SINGAPORE - Oil was mixed in Asian trade Wednesday amid worries that the US economy was slowing down and slack Chinese demand, analysts said.
New York's main contract, light sweet crude for delivery in September rose eight cents to $80.33 dollars per barrel.
Brent North Sea crude for delivery in September sank 31 cents to $79.29 dollars.
"I think we are still seeing a bit of weakness from last night's sell-off," said Ong Yi Ling, an investment analyst with Singapore-based Phillip Futures financial institution.
"People are worried about the fuel demand in the US and the global economic outlook," she said.
Crude prices closed lower Tuesday as the US Federal Reserve's policy-making body promised more stimulus spending to prop up the world's largest economy amid signs that its recovery from the global downturn has lost steam.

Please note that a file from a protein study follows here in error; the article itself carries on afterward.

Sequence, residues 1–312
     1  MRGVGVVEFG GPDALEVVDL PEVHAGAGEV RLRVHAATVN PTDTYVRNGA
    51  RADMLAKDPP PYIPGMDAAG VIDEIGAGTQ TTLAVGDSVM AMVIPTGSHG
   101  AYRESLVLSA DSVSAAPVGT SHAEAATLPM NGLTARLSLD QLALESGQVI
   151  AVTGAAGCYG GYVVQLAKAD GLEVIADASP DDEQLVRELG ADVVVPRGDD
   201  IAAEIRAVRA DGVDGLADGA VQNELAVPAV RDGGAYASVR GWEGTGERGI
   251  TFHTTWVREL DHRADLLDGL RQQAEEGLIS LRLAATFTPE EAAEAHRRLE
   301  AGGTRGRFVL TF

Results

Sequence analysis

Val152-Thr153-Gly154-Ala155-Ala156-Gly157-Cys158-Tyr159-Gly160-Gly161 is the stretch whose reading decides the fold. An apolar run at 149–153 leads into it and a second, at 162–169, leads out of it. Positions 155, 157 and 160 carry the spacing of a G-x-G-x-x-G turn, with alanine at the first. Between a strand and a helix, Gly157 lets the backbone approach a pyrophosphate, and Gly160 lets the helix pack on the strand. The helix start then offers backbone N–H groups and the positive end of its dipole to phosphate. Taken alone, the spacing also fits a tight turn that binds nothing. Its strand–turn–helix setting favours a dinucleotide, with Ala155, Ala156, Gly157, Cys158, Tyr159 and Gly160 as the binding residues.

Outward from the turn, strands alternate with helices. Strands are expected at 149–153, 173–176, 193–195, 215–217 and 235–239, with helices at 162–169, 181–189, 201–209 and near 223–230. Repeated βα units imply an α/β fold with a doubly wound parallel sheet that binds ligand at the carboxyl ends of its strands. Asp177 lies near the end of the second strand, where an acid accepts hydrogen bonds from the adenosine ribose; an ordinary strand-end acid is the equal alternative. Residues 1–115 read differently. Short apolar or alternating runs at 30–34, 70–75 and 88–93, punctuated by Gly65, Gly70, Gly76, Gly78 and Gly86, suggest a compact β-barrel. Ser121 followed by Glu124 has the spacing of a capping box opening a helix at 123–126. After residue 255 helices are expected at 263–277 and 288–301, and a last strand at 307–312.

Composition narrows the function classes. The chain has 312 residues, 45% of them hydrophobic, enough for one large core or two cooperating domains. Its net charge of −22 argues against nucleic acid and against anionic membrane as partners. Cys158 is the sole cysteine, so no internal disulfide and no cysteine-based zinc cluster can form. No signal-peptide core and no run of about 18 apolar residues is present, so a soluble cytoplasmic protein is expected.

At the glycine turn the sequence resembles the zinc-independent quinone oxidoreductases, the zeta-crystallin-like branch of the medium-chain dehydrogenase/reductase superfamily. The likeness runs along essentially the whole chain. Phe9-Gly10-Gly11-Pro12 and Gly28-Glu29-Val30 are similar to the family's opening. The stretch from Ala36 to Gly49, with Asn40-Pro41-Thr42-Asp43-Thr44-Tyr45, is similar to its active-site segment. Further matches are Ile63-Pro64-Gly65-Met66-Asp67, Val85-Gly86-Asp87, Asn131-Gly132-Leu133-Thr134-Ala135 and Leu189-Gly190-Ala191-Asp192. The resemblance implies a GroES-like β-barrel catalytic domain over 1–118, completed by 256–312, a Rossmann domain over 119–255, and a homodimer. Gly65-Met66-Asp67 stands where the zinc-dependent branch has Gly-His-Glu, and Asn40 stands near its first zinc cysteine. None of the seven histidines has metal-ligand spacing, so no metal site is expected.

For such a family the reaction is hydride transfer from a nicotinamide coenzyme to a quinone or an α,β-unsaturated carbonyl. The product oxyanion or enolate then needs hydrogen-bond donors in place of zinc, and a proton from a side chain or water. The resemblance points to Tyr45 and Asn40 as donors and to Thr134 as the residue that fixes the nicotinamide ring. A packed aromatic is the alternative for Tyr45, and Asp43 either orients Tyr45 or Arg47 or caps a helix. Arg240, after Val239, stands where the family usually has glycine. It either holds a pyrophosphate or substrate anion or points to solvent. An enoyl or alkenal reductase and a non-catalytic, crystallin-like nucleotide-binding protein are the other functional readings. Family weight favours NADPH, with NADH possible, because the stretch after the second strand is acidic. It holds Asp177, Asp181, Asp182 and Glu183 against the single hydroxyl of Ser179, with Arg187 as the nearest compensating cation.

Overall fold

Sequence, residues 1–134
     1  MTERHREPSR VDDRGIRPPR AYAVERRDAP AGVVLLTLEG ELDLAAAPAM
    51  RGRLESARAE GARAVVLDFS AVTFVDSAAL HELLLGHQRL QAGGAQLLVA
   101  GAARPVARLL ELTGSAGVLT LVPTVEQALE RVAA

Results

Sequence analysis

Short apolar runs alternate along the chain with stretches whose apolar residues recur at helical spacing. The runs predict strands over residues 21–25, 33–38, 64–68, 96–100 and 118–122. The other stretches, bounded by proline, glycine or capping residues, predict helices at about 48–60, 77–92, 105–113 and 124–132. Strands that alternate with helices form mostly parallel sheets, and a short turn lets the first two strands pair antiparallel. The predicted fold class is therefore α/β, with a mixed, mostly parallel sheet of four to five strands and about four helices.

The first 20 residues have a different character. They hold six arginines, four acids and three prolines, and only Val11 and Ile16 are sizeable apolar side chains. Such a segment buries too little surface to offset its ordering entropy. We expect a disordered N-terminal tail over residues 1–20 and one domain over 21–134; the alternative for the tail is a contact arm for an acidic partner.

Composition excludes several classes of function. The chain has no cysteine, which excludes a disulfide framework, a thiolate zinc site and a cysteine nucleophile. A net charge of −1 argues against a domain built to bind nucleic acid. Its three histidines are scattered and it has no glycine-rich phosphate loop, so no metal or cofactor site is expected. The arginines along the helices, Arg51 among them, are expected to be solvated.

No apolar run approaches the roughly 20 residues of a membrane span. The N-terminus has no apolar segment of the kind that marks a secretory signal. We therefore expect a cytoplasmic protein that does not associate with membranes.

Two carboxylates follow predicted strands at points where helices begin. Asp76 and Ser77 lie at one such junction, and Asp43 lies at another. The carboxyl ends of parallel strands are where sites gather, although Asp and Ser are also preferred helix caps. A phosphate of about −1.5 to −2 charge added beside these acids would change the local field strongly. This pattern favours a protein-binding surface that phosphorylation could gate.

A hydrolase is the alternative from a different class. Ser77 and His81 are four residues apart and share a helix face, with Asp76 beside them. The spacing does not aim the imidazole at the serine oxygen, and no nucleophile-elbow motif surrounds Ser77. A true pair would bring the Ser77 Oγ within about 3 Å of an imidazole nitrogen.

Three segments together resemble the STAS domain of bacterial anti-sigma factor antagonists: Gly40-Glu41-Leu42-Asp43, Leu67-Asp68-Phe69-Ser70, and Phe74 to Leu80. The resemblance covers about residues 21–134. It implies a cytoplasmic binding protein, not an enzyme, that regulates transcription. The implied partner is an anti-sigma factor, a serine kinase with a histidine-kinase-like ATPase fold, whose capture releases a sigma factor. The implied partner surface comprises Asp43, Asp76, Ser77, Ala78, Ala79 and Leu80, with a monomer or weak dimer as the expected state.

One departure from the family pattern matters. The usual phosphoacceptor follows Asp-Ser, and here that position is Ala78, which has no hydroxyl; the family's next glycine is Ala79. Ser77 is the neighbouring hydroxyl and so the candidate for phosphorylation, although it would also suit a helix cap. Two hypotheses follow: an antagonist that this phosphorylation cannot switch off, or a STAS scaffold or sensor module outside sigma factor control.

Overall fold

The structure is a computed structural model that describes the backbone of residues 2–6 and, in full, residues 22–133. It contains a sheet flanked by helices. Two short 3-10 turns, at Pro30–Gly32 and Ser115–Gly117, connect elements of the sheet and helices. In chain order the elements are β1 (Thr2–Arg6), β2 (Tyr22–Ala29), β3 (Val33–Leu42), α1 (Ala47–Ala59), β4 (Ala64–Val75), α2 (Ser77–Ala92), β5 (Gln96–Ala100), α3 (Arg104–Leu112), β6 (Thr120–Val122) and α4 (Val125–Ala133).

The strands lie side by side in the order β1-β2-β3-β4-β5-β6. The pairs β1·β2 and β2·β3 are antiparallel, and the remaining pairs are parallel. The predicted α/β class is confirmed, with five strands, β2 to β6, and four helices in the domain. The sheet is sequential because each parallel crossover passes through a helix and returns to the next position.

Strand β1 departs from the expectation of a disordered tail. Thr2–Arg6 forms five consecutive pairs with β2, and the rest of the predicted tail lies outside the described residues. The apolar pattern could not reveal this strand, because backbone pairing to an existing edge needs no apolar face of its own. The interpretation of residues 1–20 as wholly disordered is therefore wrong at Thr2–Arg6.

"The pace of recovery in output and employment has slowed in recent months," the Federal Open Market Committee said in a statement, downgrading its assessment of the health of the US economy.
"The pace of economic recovery is likely to be more modest in the near term than had been anticipated," the 10-member committee said.
Analysts said aside from the easing US economic growth, fresh data showing a slackening of China's imports was keeping markets on edge.
"With a stagnant US economy, the commodity bulls are looking to emerging markets for growth," analysts at BMO Capital Markets said in a report.
"They got a wake-up call though Tuesday when China reported a decline in imports during July on weaker demand."